Call it a whim or a yearning, but whatever the reason, Charlie Horn went out one day and purchased art supplies. His trip wasn't precipitated by retirement from his insurance job in Akron, Ohio, or a life-changing event. It was a yen to express what was he wanted to nurture from inside.
"I had no formal training, but I drew as a little kid," Horn said. Teachers would ask him to draw seasonal items to put on the classroom walls such as pumpkins.
After he had purchased his paints, he just got started.
"Every artist is self-taught," said Horn speaking on his philosophy and what we teaches his students now. "Artists have to develop their own style."
After attending a number of classes on his own, Horn tried to learn everything he could about art. He watched television programs on drawing. One of his favorites TV artists was Helen Van Wyke, who he says taught him the old master's way.
In 1990 a group of five people at the Island Country Club asked Horn how he got started. He set up an informal class to show them and that's how he became an art teacher. What he learned about himself was that teaching was enjoyable.
"It is fun seeing people who have never learned to paint get excited about it," Horn said. "I joined a group that became the forerunners of the Art League of Marco Island and watched what they did." Later he took formal classes at the art league before teaching there.
Horn teaches in January and February each year and holds beginner and intermediate classes. He stresses shape, tone and color with his newer students and composition and perspective in higher-level classes.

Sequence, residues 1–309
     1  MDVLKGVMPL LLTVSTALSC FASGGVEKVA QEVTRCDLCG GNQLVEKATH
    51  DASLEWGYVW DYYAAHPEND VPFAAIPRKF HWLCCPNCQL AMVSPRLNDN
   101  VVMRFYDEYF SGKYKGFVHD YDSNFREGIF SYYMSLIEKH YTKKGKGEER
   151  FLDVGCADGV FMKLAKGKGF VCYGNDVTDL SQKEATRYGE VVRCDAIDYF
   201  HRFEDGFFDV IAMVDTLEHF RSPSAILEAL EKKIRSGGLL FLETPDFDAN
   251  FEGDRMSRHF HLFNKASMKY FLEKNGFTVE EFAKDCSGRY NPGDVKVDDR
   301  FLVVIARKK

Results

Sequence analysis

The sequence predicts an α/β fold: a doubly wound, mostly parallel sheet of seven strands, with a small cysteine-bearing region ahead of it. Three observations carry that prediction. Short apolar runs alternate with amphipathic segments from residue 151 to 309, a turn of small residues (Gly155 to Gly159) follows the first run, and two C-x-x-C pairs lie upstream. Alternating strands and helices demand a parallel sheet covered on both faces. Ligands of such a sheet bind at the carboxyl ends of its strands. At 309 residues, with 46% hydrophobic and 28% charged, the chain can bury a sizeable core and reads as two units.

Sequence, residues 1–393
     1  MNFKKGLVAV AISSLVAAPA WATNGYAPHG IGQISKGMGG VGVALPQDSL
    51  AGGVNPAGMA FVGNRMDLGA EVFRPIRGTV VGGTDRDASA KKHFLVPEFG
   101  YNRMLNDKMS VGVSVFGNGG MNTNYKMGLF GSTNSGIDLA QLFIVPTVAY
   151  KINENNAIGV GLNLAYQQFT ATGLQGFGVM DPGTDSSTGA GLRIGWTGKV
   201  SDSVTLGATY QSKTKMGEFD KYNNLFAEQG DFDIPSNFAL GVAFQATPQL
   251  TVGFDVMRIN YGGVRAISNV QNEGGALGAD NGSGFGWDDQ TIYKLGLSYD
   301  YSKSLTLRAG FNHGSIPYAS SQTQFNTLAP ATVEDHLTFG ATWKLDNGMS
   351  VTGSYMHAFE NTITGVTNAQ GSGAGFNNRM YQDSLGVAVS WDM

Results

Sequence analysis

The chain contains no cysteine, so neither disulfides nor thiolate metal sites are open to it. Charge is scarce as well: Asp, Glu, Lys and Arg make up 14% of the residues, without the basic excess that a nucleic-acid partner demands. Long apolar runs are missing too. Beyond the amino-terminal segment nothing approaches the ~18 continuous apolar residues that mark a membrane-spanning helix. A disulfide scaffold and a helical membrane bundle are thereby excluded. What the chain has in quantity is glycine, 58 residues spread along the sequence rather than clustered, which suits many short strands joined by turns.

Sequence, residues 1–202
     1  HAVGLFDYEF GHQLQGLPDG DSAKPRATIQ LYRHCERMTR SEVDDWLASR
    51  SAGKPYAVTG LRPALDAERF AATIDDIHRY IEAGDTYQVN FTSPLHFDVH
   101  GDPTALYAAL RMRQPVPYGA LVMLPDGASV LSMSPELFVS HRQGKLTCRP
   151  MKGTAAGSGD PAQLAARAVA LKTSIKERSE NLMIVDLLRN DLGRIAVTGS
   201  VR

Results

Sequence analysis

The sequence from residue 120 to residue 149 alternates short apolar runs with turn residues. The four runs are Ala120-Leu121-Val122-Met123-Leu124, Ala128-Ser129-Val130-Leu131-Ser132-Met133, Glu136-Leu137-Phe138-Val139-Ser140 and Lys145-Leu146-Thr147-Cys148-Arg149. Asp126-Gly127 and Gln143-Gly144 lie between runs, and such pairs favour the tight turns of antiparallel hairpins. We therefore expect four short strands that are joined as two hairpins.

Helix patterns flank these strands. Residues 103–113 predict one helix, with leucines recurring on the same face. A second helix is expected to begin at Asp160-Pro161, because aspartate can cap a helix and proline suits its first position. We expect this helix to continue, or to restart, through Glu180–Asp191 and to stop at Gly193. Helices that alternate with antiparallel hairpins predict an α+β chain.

His best advice to his students is to paint what they like.
"If a scene interests you, paint it," he said. "whatever gives you a passion for it. You can paint pretty pictures, but real artists have to paint what turns them on."
Horn follows his own advice. He likes to go on location and just paint what inspires him. He also prefers doing portraits but finds them a little more stressful.
"I'm always concerned about getting a good likeness," he said. While he talks, his wife, Gretchen, takes a phone call from a women whose husband just died. She is asking if Charlie Horn would do a portrait of her husband's likeness for his office.
Although he is a modest man, Horn is also dedicated to the art league and served as building committee chairman for its current building. One of the first floor classrooms bears the name, Charles and Gretchen Horn Studio. Although members wanted to name the room for them for their dedication to the project, the two met the donation challenge to have a part of the building named after them.
Horn gives most of his oil and acrylic painting to charities as a way for them to fundraise. He charges when commissioned to do portraits.
"When we left Akron we sold 30 painting because we couldn't take them with us," Horn said. He now displays many works on the walls of his Marco Island home and looks for ways to share his talents with those interested in art.
Recently he tried painting an abstract for the art league's Abstract Expressionism exhibit. He was pretty proud of his color choices and subject selection: the art league in summer. However, he laughs now when he says that it didn't even make it into the selection.
He would be the first to acknowledge that art is in the eye of the beholder. But inspiration? That's in the hands of the artist.